Guys, you could do something like this! A shot of campus, student art, a beautiful illustration. There are so many cool options.

But more important: don’t just follow common conventions (regular front cover, separate back cover) just to follow them. Think about what is possible for your publication, and start working to achieve it.

2. Know your magazine’s strengths

Magazines can feel pretty old-school these days, but I genuinely believe that they’re the flagship communications tool for your alumni, donors, and parents.

Read about the three things that print does better than social media.

3. Follow Mr. Rogers’ four pillars of journalism

I love anything that Taffy Brodesser-Akner writes, so of course I was enamored of her profile of Tom Hanks, who’s playing Mr. Rogers in A Beautiful Day in the Neighborhood.

I was especially taken by a list that the real-life Rogers had crafted for the real-life Tom Junod, a journalist whose connection with Rogers is featured in the movie.

Rogers’ provided Junod with four pillars of journalism that Junod took to heart:

  1. Journalists are human beings, not stenographers; human beings, not automatons.
  2. Point out injustice when you have to.
  3. Point out beauty when you can.
  4. Be aware of celebrating the wonders of creation.

While I like all of the points he makes, I think the publications we do for schools are especially well positioned to tackle #3.

4. Test this free transcription service

I’ve long been a proponent of the transcription service Rev. But when it had a rare stumble on a transcription I needed quickly, I turned to another service that proved extremely useful on short notice:

The artificial intelligence transcription is pretty good, and the price cannot be beat: the first *600* minutes every single month are free. Even the premium tiers seem like an impossibly good deal, at no more than $12.50 per month per person. Test it out and let me know what you think.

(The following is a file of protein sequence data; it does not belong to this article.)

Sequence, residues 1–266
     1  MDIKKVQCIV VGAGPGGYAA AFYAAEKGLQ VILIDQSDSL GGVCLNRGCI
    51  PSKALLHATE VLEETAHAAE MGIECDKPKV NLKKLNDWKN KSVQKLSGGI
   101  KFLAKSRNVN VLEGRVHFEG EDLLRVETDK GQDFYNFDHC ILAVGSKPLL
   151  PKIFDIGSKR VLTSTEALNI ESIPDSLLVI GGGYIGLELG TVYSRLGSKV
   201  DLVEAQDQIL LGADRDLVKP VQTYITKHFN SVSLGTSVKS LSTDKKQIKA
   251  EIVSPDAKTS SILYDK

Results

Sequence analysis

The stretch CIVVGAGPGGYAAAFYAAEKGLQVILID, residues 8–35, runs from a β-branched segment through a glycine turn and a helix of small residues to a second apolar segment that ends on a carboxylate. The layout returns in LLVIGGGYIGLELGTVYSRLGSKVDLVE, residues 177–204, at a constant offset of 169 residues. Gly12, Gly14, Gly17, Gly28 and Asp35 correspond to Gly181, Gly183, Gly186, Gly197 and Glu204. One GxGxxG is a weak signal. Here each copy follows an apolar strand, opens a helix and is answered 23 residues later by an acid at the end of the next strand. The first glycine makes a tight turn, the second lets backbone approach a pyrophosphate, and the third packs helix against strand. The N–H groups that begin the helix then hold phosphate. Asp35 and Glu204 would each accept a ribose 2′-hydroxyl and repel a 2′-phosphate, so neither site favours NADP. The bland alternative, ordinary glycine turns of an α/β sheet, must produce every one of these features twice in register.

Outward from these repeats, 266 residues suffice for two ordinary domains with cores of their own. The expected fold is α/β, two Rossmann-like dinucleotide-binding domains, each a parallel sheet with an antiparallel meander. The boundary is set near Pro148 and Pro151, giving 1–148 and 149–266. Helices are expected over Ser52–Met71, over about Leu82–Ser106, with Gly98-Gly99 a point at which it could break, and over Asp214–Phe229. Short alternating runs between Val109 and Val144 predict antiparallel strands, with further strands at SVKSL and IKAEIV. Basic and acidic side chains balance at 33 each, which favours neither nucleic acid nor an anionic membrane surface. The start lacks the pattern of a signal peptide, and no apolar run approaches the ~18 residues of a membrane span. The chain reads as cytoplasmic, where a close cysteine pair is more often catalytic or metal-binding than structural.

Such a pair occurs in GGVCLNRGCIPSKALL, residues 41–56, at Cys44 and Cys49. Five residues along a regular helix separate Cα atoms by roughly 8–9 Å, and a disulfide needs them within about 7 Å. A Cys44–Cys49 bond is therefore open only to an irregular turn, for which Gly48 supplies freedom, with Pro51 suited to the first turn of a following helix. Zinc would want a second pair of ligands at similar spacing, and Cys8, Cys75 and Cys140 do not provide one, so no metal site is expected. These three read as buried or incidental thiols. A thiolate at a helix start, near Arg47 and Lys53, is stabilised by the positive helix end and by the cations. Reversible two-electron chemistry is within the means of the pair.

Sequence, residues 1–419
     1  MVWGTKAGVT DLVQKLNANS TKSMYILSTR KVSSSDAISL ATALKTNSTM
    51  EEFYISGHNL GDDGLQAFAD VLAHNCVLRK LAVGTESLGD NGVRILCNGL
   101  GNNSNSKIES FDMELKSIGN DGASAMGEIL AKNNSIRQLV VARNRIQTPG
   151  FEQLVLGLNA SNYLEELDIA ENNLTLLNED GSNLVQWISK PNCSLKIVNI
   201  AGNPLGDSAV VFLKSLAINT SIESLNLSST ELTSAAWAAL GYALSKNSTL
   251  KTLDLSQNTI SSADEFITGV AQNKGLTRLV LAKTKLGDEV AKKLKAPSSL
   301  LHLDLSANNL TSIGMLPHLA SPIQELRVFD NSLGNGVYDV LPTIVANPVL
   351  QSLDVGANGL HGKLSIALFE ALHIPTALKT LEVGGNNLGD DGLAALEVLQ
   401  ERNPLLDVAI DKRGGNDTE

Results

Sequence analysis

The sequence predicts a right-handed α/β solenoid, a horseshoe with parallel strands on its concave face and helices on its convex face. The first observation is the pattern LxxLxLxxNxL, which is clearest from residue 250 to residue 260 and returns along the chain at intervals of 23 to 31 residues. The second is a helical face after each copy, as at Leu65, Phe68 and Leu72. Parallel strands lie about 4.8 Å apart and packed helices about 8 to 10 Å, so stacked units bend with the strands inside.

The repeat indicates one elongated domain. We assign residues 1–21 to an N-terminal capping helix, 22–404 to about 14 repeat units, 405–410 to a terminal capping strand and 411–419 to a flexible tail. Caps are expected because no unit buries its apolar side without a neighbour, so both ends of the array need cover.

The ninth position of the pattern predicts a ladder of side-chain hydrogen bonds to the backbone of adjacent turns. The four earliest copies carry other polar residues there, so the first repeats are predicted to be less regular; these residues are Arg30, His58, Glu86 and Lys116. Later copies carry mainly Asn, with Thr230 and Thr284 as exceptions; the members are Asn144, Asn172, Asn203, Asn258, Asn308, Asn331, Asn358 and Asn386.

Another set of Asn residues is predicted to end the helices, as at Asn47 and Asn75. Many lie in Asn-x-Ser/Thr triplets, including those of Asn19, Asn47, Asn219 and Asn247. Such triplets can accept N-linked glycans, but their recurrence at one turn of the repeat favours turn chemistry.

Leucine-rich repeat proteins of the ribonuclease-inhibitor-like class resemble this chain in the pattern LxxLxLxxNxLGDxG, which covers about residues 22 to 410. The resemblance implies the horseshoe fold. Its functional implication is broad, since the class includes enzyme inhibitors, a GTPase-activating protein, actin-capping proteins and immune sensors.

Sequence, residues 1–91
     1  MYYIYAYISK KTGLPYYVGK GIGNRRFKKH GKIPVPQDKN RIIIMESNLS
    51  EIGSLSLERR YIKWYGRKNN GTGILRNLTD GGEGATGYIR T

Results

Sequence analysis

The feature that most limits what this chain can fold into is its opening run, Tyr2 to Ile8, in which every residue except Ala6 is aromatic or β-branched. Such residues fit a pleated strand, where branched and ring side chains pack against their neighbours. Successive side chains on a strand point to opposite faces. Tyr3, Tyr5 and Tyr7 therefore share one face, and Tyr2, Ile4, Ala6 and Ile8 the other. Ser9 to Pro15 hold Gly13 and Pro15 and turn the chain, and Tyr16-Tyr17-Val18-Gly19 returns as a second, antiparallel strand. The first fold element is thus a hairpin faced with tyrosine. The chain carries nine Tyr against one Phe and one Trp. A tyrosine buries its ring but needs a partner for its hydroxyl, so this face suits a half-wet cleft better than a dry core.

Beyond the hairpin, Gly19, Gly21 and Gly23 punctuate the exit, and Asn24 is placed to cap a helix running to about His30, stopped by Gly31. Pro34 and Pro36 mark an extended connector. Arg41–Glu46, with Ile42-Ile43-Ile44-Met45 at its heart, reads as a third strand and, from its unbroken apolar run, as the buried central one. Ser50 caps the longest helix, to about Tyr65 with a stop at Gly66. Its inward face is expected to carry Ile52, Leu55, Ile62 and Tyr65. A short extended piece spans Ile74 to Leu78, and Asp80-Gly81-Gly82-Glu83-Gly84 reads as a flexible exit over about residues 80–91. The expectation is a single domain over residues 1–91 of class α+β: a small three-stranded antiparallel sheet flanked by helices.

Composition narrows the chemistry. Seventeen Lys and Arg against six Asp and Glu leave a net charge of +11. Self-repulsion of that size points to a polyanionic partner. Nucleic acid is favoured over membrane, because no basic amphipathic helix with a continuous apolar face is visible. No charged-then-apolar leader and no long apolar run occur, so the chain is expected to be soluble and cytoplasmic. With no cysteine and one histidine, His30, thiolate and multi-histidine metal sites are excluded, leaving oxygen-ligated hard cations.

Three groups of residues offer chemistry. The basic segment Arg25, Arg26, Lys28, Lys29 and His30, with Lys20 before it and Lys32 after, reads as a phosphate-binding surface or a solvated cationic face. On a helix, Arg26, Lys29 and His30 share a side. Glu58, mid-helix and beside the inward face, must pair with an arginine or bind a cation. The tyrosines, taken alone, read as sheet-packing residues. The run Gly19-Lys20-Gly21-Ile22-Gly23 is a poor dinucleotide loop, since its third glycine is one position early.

5. Read profiles from one of the best in our biz

Not long ago, Dale Keiger — Sibley winner, popular CASE Editors Forum presenter, UMagazineology founder, longtime Johns Hopkins Magazine editor, and now 10,000 days blogger — published a book of profiles called The Man Who Signed the City.

Guys, this book is a *ridiculous steal.* You can get Keiger’s knockout, award-winning writing — stories that span more than three decades — for $4 on your Kindle, $15 in paperback. If you just learn ONE THING about profile writing from his examples, it will easily be worth the money. Just get it already, sheesh.

As always, I love to hear what you think! Hit reply and tell me what resonates with you.


4 Alumni Magazine Predictions for 2020

We’re less than 60 days away from the 2020s! And what better way to focus on what’s ahead than making some predictions?

I’ve been reading the alumni magazine tea leaves over the past several months, and here are some of the big shifts and changes that I think we’ll be seeing in alumni magazines coast to coast.

Can I predict your magazine’s future?

1. Class notes will make a comeback.

Remember the argument that class notes were no longer essential “because everybody’s on Facebook?”

That’s just not true anymore. Social platforms may be as popular on ever, but they’re splintering fast. In the past two years alone, for example, Facebook has shed more than 15 million users in the U.S. — and many others are on the platform in a merely cursory way. The drop is especially steep among younger users.

Sure, maybe your alumni are moving over Instagram or Twitter or Snapchat or TikTok, but are they really bringing along all of their old university pals along with them in the transition?

Class notes might be the best new (old) way for your alumni to see what’s happening with their classmates and peers.

There’s a reason that those who’ve deeply invested in class notes for their school say that ditching them would lead to “World War III.”